Frequently Asked Questions

For Parents of Children & Adolescents

Who needs a medical-forensic evaluation?


At The Cottage, our providers follow the nationally recognized, evidence-based guidelines established for the care of abused children and adolescents. According to those guidelines, if there is any suspicion, regardless of whether or not the child or adolescent makes a disclosure or denial, should have a medical-forensic examination performed by a properly trained, pediatric medical-forensic provider in a child-friendly environment. To ensure the safety, health, and well-being of these children and adolescents, they should all have specialized medical-forensic examinations in the absence of disclosure and even when they deny any history of abuse.

Those guidelines also recommend that all “contact children” also have a medical-forensic examination conducted by a properly trained pediatric medical-forensic provider. A “contact child” is any child or adolescent who has also had any type of in-person contact with the alleged perpetrator. To ensure the safety, health, and well-being of these children and adolescents, they should all have specialized medical-forensic examinations in the absence of disclosure and even when they deny any history of abuse.

ALL children and adolescents residing in a home or who frequently visits a home where child pornography was discovered/confiscated should be scheduled for a medical-forensic evaluation with a properly trained, pediatric medical-forensic provider. To ensure the safety, health, and well-being of these children and adolescents, they should all have specialized medical-forensic examinations in the absence of disclosure and even when they deny any history of abuse.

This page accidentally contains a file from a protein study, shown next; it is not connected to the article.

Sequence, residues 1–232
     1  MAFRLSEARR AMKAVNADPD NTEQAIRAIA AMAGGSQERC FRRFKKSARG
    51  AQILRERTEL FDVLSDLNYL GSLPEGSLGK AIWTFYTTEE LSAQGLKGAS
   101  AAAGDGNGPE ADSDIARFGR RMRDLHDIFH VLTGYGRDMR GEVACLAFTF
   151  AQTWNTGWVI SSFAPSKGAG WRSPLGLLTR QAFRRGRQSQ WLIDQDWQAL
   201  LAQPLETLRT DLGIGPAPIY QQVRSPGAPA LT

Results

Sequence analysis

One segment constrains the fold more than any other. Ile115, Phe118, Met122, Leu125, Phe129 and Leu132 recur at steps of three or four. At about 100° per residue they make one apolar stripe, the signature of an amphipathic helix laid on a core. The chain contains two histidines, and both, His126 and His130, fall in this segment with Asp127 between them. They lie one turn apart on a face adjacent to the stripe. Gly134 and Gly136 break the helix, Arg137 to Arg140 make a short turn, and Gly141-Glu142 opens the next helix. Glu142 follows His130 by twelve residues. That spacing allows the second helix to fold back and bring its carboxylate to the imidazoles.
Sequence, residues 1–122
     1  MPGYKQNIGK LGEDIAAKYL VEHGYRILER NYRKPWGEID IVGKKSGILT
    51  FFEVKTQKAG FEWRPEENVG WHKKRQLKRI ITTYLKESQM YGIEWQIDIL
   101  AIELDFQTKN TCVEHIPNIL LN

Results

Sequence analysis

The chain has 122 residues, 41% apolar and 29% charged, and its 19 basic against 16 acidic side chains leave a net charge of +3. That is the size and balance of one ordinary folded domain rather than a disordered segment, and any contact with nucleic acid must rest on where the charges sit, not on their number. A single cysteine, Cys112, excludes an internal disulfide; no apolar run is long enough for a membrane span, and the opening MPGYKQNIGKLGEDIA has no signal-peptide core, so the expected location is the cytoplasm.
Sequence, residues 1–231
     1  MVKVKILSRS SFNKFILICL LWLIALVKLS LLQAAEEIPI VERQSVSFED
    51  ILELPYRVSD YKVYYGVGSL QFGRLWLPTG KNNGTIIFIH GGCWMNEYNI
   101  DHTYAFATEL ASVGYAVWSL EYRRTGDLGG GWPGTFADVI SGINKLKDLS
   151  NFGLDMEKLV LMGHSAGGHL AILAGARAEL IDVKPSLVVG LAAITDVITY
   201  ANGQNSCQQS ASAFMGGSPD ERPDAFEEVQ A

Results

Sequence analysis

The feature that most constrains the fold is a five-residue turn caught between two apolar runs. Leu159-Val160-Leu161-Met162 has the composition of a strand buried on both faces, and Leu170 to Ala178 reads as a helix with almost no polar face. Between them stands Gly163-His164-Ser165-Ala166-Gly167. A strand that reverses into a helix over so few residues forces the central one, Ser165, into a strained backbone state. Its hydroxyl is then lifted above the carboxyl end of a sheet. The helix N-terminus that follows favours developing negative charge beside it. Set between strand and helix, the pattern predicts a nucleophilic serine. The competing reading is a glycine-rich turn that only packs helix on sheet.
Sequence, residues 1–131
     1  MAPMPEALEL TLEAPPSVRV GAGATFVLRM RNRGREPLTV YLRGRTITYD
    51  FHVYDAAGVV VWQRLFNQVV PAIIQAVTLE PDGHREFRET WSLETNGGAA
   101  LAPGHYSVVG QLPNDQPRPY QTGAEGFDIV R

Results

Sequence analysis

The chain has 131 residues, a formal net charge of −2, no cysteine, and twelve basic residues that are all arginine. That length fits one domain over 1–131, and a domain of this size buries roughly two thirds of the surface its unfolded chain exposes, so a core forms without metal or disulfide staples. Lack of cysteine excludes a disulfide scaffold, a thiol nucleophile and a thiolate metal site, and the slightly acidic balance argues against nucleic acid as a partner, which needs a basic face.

Why does my child/adolescent need a medical evaluation?


At The Cottage, our providers follow the nationally recognized, evidence-based guidelines established for the care of abused children and adolescents. According to those guidelines, if there is any suspicion, regardless of whether or not the child or adolescent makes a disclosure or denial, should have a medical-forensic examination performed by a properly trained, pediatric medical-forensic provider in a child-friendly environment. To ensure the safety, health, and well-being of these children and adolescents, they should all have specialized medical-forensic examinations in the absence of disclosure and even when they deny any history of abuse.